German foreign minister: Positive Trump comment on EU is 'good news'

German Foreign Minister Sigmar Gabriel welcomes US President Donald Trump's recent positive comments on the European Union, calling them "good news," during a press conference Friday.

South African police disperse anti-migrant rally

South African police used rubber bullets and stun grenades to disperse anti-immigration demonstrators and their opponents in the country’s administrative capital of Pretoria, local media reported Friday.

Croatian, Montenegrin, Serbian reporters back striking Macedonian colleagues

Trade unions of journalists from Croatia, Montenegro and Serbia on Friday expressed their support to their Macedonian colleagues working for three daily newspapers owned by Media Print Makedonija (MPM) who have been on strike since mid-February over unpaid salaries and contributions and the management's failure to provide them with information about plans for the company's survival.

Hribar's statements prompt HRT Supervisory Board to demand human rights' protection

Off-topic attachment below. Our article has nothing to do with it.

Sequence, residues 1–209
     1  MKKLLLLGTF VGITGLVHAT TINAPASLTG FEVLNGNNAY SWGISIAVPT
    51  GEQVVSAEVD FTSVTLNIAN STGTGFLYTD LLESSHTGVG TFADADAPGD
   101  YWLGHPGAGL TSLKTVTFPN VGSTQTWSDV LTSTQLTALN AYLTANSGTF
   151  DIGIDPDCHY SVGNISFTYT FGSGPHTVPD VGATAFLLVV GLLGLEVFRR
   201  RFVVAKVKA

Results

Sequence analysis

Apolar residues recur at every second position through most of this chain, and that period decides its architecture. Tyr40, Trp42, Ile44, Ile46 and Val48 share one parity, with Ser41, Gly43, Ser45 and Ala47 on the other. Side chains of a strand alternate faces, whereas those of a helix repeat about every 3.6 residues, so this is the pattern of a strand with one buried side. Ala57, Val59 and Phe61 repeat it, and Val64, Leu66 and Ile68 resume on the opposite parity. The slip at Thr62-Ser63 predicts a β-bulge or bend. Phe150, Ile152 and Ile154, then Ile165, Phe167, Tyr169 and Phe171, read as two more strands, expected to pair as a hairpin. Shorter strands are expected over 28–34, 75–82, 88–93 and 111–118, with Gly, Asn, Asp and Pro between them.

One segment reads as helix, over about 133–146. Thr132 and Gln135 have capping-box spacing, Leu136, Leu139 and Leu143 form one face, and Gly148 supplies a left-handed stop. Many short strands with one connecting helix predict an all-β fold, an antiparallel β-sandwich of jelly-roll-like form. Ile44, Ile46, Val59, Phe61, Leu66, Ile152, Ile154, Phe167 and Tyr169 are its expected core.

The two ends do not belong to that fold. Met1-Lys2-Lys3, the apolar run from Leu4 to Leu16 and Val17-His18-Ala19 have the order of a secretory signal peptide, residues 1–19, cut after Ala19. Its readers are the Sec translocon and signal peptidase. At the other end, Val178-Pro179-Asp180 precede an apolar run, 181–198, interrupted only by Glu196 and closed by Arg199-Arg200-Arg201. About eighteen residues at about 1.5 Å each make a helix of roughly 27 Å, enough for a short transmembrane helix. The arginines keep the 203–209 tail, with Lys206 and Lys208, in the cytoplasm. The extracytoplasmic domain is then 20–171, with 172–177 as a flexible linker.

The Croatian Radio and Television (HRT) Programming Council is scheduled to convene on Tuesday, 28 February, to discuss, among other things, "the protection of fundamental human rights and freedoms in HRT programmes" as requested by the national broadcaster's Supervisory Board.

Iraq launches its first airstrikes against Islamic State in Syria

Iraq launched its first airstrikes against Islamic State targets inside Syria on Friday, retaliation for recent deadly attacks by the extremist militia in Baghdad, the Iraqi army said.

SDP urges gov't to put situation in Bosnia on EU and NATO agendas

Croatia's largest opposition party has called on the government to put the situation in Bosnia and Herzegovina on the EU and NATO agendas saying that reactions by some political groups in that country to the submission of the motion to the ICJ to review its ruling against Serbia could lead to serious political instability and threaten the functioning of the state.